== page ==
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Gonyea v. Terris

United States District Court, E.D. Michigan, Southern Division

October 9, 2019

JERRY E. GONYEA, Petitioner,
v.
J.A. TERRIS, Respondent.

          ORDER DENYING PETITIONER'S PETITION FOR WRIT OF HABEAS CORPUS (ECF #1)

          MATTHEW F. LEITMAN UNITED STATES DISTRICT JUDGE

         Petitioner Jerry Gonyea has filed a petition for habeas corpus under 28 U.S.C. § 2241 (“Section 2241”). For the reasons explained below, the petition is DENIED.

         I

         In the spring of 1994, while Gonyea was on parole for murder, Gonyea and an accomplice twice robbed a Comerica Bank in Taylor, Michigan. (See Resp., ECF No. 6, PageID.42-43; United States v. Gonyea, 140 F.3d 649, 650 (6th Cir. 1998).) According to the Government, “[D]uring the robberies [Gonyea and his accomplice] brandished guns, forced customers to the ground, attempted to kill one customer, and threatened to kill everyone else - including a group of Girl Scouts who were selling cookies.” (Resp., ECF No. 6, PageID.43.) Gonyea later pleaded guilty to (1) two counts of bank robbery in violation of 18 U.S.C. § 2113(a) (“Section 2113(a)”) and (2) two counts of using a firearm during and in relation to the commission of a crime of violence in violation of 18 U.S.C. § 924(c)(1)(A) (“Section 924(c)(1)(A)”). (See Resp., ECF No. 6, PageID.43; United States v. Gonyea, No. 94-cr-80346, 2012 WL 5205874, at *1 (E.D. Mich. Oct. 22, 2012).) The “crimes of violence” underlying the two Section 924(c)(1)(A) convictions were Gonyea's two alleged bank robberies. (Id.) Per Gonyea's plea agreement and the sentencing guidelines, the Court sentenced Gonyea to 351 months' imprisonment. (Id.)

         On April 15, 2019, Gonyea filed a petition for habeas corpus under Section 2241.[1] (See Pet., ECF No. 1.) He argues that in light of recent Supreme Court rulings, his bank robberies were not “crimes of violence” under Section 924(c)(1)(A). (See id., PageID.9-19 (citing, among other cases, Mathis v. United States, 136 S.Ct. 2243 (2016)).) Gonyea also argues that his “25-years in mandatory minimums for two [Section] 924(c) convictions constitutes cruel and unusual punishment in violation of his Eighth Amendment Rights of the U.S. Constitution.”[2](Id., PageID.19-27.) For the reasons explained below, the Court disagrees and therefore DENIES Gonyea's Petition.

         II

         Section 924(c)(1)(A) “prohibits using a firearm in furtherance of a crime of violence.” Deatrick v. Sherry, 451 Fed.Appx. 562, 565 (6th Cir. 2011). For purposes of Section 924(c)(1)(A), a “crime of violence” is a felony that either:

(A) has as an element the use, attempted use, or threatened use of physical force against the person or property of another, or
(B) that by its nature, involves a substantial risk that physical force against the person or property of another may be used in the course of committing the offense.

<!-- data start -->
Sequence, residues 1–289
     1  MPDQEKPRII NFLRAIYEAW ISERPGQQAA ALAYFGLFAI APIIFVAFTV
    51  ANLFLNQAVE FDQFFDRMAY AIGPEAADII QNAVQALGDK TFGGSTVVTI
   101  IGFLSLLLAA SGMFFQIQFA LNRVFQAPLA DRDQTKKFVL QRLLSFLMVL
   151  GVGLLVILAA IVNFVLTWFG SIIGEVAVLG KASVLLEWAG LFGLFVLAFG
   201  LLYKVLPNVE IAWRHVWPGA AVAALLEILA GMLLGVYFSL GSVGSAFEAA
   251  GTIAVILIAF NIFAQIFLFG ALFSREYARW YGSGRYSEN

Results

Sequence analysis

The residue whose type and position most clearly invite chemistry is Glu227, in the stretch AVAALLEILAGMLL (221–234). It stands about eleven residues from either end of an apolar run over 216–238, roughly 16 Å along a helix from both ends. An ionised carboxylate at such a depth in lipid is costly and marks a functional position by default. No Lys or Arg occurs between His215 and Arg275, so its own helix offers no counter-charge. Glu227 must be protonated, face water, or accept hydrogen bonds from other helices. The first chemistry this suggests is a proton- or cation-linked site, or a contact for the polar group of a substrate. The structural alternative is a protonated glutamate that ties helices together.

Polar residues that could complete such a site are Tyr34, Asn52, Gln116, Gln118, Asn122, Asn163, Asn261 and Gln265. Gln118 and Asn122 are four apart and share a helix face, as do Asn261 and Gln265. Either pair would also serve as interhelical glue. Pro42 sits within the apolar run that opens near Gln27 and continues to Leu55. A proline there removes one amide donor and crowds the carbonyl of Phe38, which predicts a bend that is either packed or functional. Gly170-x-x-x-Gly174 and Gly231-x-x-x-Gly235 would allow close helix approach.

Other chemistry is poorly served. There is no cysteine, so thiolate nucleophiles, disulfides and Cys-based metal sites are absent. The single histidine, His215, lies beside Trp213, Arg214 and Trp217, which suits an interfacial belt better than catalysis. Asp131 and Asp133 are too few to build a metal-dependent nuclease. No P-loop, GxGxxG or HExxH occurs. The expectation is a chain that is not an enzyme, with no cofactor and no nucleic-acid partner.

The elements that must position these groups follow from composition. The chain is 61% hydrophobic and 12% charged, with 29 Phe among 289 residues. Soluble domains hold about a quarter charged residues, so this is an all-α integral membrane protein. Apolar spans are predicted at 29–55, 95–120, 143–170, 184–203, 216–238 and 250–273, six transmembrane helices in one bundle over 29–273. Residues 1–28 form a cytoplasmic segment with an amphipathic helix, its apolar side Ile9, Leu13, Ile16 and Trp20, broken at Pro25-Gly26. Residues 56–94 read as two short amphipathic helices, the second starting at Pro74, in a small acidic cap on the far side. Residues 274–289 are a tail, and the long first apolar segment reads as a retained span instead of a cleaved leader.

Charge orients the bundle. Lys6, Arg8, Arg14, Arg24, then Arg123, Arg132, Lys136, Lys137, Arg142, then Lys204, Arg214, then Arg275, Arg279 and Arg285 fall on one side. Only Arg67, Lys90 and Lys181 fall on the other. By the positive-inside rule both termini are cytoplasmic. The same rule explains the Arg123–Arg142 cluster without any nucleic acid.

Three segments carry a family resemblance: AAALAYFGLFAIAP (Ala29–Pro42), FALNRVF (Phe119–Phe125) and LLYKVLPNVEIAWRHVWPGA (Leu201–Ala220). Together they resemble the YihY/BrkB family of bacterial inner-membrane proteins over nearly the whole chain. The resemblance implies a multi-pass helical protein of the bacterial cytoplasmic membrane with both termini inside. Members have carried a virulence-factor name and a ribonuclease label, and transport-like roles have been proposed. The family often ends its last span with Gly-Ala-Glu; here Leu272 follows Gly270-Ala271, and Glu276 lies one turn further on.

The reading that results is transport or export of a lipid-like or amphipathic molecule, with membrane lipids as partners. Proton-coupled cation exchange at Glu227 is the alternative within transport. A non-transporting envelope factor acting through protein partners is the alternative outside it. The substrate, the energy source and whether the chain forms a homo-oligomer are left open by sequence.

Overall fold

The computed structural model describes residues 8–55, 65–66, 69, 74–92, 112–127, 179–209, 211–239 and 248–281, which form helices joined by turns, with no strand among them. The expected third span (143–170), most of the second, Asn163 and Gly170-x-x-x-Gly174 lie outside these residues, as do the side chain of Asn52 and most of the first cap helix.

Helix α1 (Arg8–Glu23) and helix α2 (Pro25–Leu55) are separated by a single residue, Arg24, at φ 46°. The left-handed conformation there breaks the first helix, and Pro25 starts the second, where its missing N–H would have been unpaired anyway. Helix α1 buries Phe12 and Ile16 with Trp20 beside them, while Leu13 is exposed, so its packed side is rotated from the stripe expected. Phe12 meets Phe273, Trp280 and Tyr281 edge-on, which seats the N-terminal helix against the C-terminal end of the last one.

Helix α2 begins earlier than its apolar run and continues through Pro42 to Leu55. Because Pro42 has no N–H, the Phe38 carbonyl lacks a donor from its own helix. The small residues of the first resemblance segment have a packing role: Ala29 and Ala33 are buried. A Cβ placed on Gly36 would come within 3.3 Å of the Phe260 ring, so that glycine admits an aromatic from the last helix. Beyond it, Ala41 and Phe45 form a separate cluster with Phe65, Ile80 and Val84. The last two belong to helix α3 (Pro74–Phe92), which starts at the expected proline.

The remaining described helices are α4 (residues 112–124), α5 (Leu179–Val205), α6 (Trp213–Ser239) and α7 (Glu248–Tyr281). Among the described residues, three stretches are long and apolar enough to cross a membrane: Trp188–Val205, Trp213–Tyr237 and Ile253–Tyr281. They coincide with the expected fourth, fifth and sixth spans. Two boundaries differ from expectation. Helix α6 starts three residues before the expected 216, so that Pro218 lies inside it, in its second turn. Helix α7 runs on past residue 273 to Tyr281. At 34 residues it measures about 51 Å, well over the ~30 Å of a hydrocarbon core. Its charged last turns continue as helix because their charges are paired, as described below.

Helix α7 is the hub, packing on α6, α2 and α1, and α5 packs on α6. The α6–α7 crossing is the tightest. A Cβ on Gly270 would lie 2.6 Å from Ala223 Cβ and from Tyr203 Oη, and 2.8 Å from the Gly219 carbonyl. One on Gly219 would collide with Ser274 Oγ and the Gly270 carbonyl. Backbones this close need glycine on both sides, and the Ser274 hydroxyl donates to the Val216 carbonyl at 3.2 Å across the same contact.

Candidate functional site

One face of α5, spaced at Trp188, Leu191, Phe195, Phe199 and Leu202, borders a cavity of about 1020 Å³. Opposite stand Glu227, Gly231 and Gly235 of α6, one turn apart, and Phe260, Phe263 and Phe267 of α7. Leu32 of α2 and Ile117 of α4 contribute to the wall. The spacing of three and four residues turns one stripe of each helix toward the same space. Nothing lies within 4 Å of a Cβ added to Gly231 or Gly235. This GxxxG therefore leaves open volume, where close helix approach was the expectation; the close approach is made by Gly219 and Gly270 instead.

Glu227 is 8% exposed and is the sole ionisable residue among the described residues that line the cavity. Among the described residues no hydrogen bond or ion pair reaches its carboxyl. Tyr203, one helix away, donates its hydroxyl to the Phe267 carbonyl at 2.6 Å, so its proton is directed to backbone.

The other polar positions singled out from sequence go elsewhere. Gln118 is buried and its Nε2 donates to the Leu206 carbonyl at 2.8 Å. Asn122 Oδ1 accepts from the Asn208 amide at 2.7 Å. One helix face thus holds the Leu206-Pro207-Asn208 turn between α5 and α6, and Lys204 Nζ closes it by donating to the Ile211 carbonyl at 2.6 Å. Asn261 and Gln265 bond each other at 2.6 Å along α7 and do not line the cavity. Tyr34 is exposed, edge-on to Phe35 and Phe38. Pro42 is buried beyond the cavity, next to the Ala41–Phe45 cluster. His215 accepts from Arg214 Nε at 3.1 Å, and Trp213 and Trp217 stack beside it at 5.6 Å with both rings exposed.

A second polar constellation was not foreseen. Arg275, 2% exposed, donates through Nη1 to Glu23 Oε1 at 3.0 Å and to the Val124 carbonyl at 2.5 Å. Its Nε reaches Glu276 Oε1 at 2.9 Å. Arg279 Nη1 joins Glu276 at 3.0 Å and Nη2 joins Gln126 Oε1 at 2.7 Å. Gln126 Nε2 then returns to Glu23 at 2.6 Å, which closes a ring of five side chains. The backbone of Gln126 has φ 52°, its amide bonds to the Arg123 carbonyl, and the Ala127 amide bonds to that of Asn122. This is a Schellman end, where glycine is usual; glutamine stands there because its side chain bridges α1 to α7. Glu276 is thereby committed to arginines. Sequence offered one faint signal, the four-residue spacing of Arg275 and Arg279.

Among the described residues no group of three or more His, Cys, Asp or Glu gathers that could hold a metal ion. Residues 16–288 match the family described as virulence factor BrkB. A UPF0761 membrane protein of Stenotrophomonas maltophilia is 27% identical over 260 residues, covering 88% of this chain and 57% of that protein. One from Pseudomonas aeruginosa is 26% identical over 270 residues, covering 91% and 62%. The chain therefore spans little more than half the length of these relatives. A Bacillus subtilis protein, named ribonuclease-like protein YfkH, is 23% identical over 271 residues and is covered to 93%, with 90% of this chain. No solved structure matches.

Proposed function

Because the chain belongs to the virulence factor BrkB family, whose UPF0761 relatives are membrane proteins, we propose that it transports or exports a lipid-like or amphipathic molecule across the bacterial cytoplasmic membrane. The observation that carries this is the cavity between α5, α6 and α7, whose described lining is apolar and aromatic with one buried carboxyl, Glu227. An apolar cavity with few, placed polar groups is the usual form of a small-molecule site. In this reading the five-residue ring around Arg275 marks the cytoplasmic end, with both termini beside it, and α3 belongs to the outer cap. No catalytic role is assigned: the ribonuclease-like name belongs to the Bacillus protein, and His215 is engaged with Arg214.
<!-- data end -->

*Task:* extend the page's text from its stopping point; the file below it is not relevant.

18 U.S.C. § 924(c)(3). Subsection (A) of the definition is known as the “elements clause, ” while Subsection (B) is called the “residual clause.” See Knight v. United States, 936 F.3d 495, 497 (6th Cir. 2019). The Supreme Court recently invalidated the residual clause as unconstitutionally vague. See United States v. Davis, 139 S.Ct. 2319 (2019). But an offense is still a “crime of violence” if it satisfies the elements clause. See, e.g., Knight, 936 F.3d at 497 (holding that assault and robbery of a postal employee constituted a “crime of violence” because it satisfied the elements clause). Thus, the question posed by Gonyea's attack on his Section 924(c)(1)(A) convictions is: do Gonyea's bank robberies constitute “crimes of violence” under the elements clause? They do.

         Courts apply a “categorial approach” to determine whether an offense qualifies as a “crime of violence” under the elements clause. United States v. Rafidi, 829 F.3d 437, 444 (6th Cir. 2016). “Under [that] approach, a court ‘focuses on the statutory definition of the offense, rather than the manner in which an offender may have violated the statute in a particular circumstance.'” Id. (quoting United States v. Denson, 728 F.3d 603, 607 (6th Cir. 2013)). “Courts use a variant of this method - labeled (not very inventively) the ‘modified categorical approach' - when a prior conviction is for violating a so-called ‘divisible statute,' which sets out one or more elements of the offense in the alternative.” Id. (quotation omitted). A court applying the modified categorical approach “consult[s] a limited class of documents, such as indictments and jury instructions, to determine which alternative formed the basis of the defendant's prior conviction.” Descamps v. United States, 570 U.S. 254, 257 (2013).

         The Court applies the modified categorical approach here because Section 2113(a) “is divisible.” Johnson v. United States, No. 18-6080, 2019 WL 193916, at *2 (6th Cir. Jan. 4, 2019). More specifically, Section 2113(a) consists of two separate paragraphs that set out elements of the offense in two alternatives. The first paragraph of Section 2113(a) prohibits robbing or attempting to rob a bank by force and violence or by intimidation:

Whoever, by force and violence, or by intimidation, takes, or attempts to take, from the person or presence of another, or obtains or attempts to obtain by extortion any property or money or any other thing of value belonging to, or in the care, custody, control, management, or ...

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